Monday, April 25, 2016

Spy In Black Lace

Spy In Black Lace, edited by Noah Sarlat
No month stated, 1964  Lancer Books

This vintage anthology of men’s adventure magazine stories is thematically similar to Women With Guns, and also shares the same editor: Noah Sarlat. However unlike that superior anthology Spy In Black Lace is comprised of the shorter stories that ran in the Sarlat-edited “Diamond Line” of men’s mags (ie Stag, Male, etc); in other words, none of the stories here are novella-length like those in Women With Guns.

And also I should quickly point out that those expecting Modesty Blaise let alone The Baroness will be greatly disappointed; with only one exception, the women in the stories collected here are not female James Bonds and certainly aren’t the aggressive ass-kicking females so common in today’s action garbage. All of them (with one exception) just use their bodies in the line of duty, relying on sex as their sole weapon. In other words the collection isn’t very spy-fy in nature and is more about gorgeous women using their ample charms to sway various men in the line of duty.

First up is “Lily Stein: Spy In Black Lace,” by George Raffey and copyright 1960 Newstand Publications. Unlike the other men’s mag anthologies I’ve read, Spy In Black Lace doesn’t tell you which particular magazines these stories came from. Anyway this tale, about fifteen pages in length, sets the precedent for the style and length of those that follow. Unfortunately it’s not the strongest opener for the book, as Raffey spins out a yarn that’s mostly told in summary or in the format of a fake article.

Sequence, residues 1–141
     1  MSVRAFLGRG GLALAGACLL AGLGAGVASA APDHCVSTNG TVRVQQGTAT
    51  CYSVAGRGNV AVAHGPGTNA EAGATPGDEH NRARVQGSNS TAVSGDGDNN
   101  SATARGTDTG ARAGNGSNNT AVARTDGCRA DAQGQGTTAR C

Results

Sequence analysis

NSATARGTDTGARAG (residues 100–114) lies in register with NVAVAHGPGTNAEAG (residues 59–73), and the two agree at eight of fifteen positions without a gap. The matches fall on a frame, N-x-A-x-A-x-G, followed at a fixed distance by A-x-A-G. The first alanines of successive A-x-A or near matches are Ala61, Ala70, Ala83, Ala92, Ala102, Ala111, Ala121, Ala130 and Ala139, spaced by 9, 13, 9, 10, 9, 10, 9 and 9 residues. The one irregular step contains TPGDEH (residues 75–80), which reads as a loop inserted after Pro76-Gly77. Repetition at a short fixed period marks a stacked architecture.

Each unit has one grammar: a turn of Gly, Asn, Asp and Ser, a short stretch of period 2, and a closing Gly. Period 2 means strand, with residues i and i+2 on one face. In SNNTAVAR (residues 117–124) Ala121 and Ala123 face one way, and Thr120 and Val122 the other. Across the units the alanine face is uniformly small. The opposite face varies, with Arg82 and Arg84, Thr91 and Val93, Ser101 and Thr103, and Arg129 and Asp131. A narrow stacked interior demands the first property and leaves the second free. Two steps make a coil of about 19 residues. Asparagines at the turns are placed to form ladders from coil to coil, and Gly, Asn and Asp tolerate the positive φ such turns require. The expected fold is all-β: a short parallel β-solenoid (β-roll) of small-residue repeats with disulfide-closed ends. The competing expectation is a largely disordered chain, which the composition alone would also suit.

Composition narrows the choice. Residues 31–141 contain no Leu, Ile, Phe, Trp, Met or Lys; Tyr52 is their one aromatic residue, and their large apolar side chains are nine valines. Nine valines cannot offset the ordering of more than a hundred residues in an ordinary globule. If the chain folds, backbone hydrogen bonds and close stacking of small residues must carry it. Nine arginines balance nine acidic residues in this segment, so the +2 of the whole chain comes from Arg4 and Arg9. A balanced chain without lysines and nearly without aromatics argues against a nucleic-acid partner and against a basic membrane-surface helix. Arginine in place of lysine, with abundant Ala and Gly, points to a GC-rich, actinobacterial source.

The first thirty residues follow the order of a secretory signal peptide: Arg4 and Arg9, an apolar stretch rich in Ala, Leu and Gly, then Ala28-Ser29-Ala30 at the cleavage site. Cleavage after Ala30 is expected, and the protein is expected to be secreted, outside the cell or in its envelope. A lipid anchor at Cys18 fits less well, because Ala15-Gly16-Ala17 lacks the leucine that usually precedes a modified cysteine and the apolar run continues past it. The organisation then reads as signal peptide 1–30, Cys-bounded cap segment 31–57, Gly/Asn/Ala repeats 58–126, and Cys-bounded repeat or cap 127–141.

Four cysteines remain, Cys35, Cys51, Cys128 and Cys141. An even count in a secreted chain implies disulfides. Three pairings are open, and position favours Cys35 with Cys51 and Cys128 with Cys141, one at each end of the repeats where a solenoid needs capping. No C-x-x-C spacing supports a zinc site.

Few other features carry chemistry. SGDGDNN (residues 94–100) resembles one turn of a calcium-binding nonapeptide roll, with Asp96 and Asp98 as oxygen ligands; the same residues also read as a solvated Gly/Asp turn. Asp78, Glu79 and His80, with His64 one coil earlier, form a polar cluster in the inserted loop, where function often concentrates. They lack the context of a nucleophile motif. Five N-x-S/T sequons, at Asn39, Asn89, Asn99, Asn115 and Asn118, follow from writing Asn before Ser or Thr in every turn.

Lily we learn is a beautiful young Austrian who in the early 1930s decided like so many other starving young European women to become a prostitute. But Lily became a “high-class” whore and set her sights on bigwigs across Europe. Soon she was wealthy herself, entertaining men from Austria to Paris. Then one day in 1938 she was contacted by the Gestapo and drafted into service. Now Lily would be a spy for them, acting as a courier. But Lily always struggled to be the best and threw herself into spycraft, eventually becoming a capable spy herself – but again, only in the bedroom.

In 1940 she is sent to New York and there brings military officials and businessmen involved in the beginning war effort into her yoke. There’s no sexual material here, by the way, with what little there is relegated to quick mentions of Lily’s nice rack or her and her latest conquest waking up in bed together. But Lily is worried about the security of her dead-drops, where she mails intel to an “aunt” in Switzerland; she’s very happy when a Gestapo contact comes to the US and shows her a new short wave radio. But the Gestapo dude is a double agent, and the tale ends with Lily arrested just a few days before D-Day; she was about to send info about it to Berlin before she was captured. 

Next up is “Madame Li Sang: Bait for an OSS Trap,” by Hal Hennesey and copyright 1961 Newstand. This one’s in first-person and I’m certain the original story carried a fake “as told to” credit; here Hennesey himself becomes the narrator and character, which I’m sure is only via editing trickery courtesy Sarlat. Hennesey himself was a men’s mag editor and published at least two novels in the ‘60s under his own name. Anyway in this yarn “Hennesey” is an OSS agent deep in Central China, surrounded by “Japs.”